- Increase reps or sets per exercise or both (ex: do 4 sets of 12 instead of 3 sets of 10).
Be responsible for your health by monitoring your condition and experience. The old battle cry 'No Pain, No Gain' applies to conditioned athletes enduring beyond their pain threshold, not a former couch surfer who's up and moving again. If you feel pain walking briskly or lifting a 15# dumbbell, you are doing too much, too soon or using less than ideal posture while doing it. Always stay within your level of fitness, follow your personal medical guidelines for any medical conditions and individual diet restrictions, pay close attention to physical limitations and old injuries, and of course, be sure to check with your doctor before beginning a new exercise program, increasing your current one or changing your diet.
If you start where you are at today, you can – and will be - a Fitter Quitter! Good luck, keep moving and be well :)
Master Certified Tobacco Treatment Specialist
There are some misconceptions about quit support products, specifically surrounding the ‘support’ part! Take Nicotine Replacement Therapy (NRT) for example. As tobacco treatment specialists, we sometimes hear "My NRT is not working". Let's look at the role NRT plays for a basic overview of what to expect. NRT does not make you quit smoking. It does not remove the habitual want to smoke, or the emotional need to smoke. NRT does not eliminate withdrawal symptoms, nor does it prevent the detox process from occurring.
So what does NRT do? It takes the edge off cravings so you can focus on breaking your lifelong habitual, behavioral and emotional attachment to the daily ritual of smoking. NRT supports your efforts by reducing the physical cravings and withdrawal symptoms so you are more likely to stick with the quit process long enough to succeed.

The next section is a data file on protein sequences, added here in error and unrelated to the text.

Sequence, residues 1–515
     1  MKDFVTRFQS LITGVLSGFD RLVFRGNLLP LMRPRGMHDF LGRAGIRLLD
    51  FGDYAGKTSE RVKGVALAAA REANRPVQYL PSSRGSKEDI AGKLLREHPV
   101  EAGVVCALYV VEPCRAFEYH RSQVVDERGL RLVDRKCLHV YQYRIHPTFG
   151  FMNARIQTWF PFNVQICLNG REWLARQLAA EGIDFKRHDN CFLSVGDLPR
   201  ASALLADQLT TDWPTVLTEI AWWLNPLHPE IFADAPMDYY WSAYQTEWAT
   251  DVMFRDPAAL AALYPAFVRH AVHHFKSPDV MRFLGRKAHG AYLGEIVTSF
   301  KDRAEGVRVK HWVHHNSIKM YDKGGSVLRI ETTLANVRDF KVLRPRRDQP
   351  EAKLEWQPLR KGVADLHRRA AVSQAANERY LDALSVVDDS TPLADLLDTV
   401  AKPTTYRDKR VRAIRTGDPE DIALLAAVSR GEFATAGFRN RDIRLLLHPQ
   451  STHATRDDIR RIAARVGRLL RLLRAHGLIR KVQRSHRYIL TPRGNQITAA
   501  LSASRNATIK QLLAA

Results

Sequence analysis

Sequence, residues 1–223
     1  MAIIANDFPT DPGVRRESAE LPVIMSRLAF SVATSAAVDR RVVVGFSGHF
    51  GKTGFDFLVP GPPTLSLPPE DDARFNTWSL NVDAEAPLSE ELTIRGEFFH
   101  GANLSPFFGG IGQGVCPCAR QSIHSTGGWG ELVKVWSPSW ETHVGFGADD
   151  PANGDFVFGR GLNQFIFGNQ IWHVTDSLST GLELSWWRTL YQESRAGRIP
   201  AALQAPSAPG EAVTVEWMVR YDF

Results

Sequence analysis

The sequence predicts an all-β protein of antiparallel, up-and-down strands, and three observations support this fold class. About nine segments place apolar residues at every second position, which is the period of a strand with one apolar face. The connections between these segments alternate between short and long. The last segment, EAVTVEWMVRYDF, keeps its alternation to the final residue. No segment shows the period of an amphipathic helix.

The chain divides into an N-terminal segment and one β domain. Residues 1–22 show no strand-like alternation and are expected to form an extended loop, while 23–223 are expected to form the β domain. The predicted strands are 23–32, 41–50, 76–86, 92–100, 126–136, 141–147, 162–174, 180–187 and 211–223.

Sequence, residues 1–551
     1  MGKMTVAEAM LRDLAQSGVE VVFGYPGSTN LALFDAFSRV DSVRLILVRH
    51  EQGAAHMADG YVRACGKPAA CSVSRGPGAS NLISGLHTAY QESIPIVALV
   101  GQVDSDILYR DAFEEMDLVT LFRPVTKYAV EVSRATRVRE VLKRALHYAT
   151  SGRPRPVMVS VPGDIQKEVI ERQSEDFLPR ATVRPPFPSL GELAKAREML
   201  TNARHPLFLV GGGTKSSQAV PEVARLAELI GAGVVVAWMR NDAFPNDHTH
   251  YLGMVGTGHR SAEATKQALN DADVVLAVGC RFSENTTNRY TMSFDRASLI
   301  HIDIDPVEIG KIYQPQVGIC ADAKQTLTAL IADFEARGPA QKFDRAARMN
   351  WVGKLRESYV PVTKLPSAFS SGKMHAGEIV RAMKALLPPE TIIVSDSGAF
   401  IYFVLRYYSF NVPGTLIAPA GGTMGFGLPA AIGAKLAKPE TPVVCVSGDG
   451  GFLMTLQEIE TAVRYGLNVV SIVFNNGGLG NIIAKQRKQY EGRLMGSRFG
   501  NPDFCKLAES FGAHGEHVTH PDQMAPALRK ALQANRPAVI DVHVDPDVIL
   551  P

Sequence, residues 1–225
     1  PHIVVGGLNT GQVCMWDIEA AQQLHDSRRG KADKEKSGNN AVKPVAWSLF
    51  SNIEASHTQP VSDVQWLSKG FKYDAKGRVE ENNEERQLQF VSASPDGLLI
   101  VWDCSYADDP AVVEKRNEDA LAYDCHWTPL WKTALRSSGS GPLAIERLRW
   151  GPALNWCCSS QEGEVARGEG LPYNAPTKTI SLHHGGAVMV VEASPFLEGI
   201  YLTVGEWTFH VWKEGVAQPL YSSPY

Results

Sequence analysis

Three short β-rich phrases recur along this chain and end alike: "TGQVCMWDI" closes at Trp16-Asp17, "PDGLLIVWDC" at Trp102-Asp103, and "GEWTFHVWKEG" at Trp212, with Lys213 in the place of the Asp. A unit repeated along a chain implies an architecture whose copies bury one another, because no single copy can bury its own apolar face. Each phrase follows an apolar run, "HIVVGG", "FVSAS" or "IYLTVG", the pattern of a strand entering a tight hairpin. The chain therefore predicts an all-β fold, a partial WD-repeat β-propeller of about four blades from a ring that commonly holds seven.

NRT is not designed to match your smoking habit nicotine consumption milligram for milligram, but rather to reduce cravings by delivering a slow, steady dose of nicotine in your system based on the average amount of cigarettes you smoked prior to your quit date. This slow, steady dosing avoids the rapid and addictive 'rush/crash/crave' cycle that smoking provides (and makes quitting so difficult). NRT helps by lessening the intensity of physical withdrawal symptoms. Physical withdrawals will still occur as your body detoxes, heals and adjusts after years of inhaling toxic, chemical filled smoke, tar and gasses into your lungs and throughout your entire system. Nicotine is just one of the many thousands of chemicals in cigarette smoke.
NRT is advised to be used for at least the first 8 weeks of your quit while stepping down gradually. Stepping down as directed ensures minimal cravings and maximum quit support. Why 8 weeks? Research shows it takes a good 8 weeks of practicing new behaviors, habits and coping tools to learn a new habit, such as being a nonsmoker! Doing so with overwhelming physical cravings often leads to relapse before any of the learning new behaviors or habit breaking part takes place. Nicotine and temporary cravings are a small part of the Big Picture. Long term quit success comes from having 8 weeks of practice and actively working to learn new behaviors and coping tools, not from 'using NRT'. The Quitter must actively work their quit process in order for NRT support to be most effective.